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flickering fears

A little girl came in to Play Shoppe on Friday and proudly proclaimed to me that she was four-years-old now.

Soon after that announcement, this same little girl approached me with a very serious look and stated,”I get very scared when you flick the lights off and on to let everyone know that it’s clean-up time.  I’m afraid that we’re having a tornado.”

Fear – anxiety – lurks in some ways in all of us.  Not always obvious, certainly not  in this confidently boastful  little girl who announced her new age, nor even in the same little girl who was able to speak up so strongly about her fears of flickering lights.   But it is still there, very much, almost six months after the tornado raced through the neighborhood- her fear is there.

I appologized for not realizing that and asked her would it help if I let her know when I was going to flick the lights.  In fact, I said, “would you like to turn them off and on for me?”  She declined.  Her own decision was to stand by me with her eyes closed.

It’s easy to dismiss our children’s fears as silly, nonsense or attention seeking.  Often we’d like to just make them be unafraid so we tell them there’s nothing to be afraid of, to stop,  that they’re a “big boy” now and big boys aren’t afraid, or we compare their behavior to other children’s who aren’t afraid.  Our frustration often takes over, for haven’t we had this conversation before?

Most young children are not yet as adept at addressing their fears so directly as this young girl did to me. More often your child will act out his fear through anger, tantrums, refusal to do something he’s told or aggressive behavior that we mistake for misbehavior. 

 It falls to the parent to be the detective in finding out what’s fueling this behavior. 

As parents we can strive to understand and accept these strong feelings our child might be experiencing – but certainly not all the displayed behaviors.  Children need to know that it’s okay for them to feel angry, sad, frustrated,  but definitely not okay to hit or hurt anyone. We need to help children name their emotions and then together, find good solutions. 

Many times, this kind of emotion coaching cannot happen in the throes of a child’s distraut.  During that time, keep everyone safe and wait to talk things over and find new ways to help them when all has calmed down.

Spending time while reading books and pointing out how the characters are acting or looking in the illustrations, observing other children who are feeling sad, angry, afraid, frustrated,and naming our own emotions that we are experiencing will provide a child with the vocabulary, the awareness, the acceptance to be able to voice his/her own emotions to you.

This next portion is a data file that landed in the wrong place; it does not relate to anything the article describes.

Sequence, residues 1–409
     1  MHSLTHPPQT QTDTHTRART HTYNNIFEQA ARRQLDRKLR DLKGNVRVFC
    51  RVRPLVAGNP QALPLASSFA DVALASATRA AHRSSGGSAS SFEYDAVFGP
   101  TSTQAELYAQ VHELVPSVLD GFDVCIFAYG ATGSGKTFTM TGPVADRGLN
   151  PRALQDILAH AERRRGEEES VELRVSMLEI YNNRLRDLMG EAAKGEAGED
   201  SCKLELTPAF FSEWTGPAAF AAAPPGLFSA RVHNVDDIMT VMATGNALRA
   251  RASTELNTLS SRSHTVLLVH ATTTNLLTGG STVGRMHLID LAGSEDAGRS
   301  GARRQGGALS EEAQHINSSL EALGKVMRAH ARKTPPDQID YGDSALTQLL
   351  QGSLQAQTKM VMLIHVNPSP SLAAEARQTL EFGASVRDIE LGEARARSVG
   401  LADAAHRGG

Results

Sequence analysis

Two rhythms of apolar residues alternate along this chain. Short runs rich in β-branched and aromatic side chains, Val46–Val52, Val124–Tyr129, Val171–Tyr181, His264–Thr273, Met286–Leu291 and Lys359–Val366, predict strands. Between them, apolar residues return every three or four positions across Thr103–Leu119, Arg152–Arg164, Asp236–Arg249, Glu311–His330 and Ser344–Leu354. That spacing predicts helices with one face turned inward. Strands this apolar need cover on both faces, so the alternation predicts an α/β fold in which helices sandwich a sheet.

And together you can try and find solutions as this little girl did – coming closer every time to facing her fear – standing by me and closing her eyes.

If you’d like some help in figuring out what might be fueling your child’s upsets, give me a call at The Parenting Place, 784-8125.

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Listen to the bells

A mom I know shared this story about her 8-year-old son who was spending the night at his grandma’s. 

Early on Sunday morning, the two of them got up and went outside on the deck overlooking the lake to listen to the church bells ring.  The grandma told mom later that her grandson stood there next to her, with his arm around her waist and he said, ” Grandma, you got the bells, you got the lake, you got the grandson – you got the life!

Out of the mouths of young children we often hear what’s essential in our own lives – that we might overlook – our clue, however, to listen up.

As nightfall settles in earlier now, Thanksgiving around the corner, let’s take some moments to offer to our families, to ourselves, what this young boy felt – a closeness, a sense of belonging, simplicity and the time to appreciate it with a special person.

And as the gift giving holidays approach, consider this.  Children are more in need of our presence  than our presents.

When making your holiday list of things to do this year, think hard about shared things to do together.  Think uncomplicated, think connection, think presence . 

 Think about making the ordinary extraordinary. Something as pure and simple as listening to the bells, looking at the lake, and feeling the closeness of someone you love.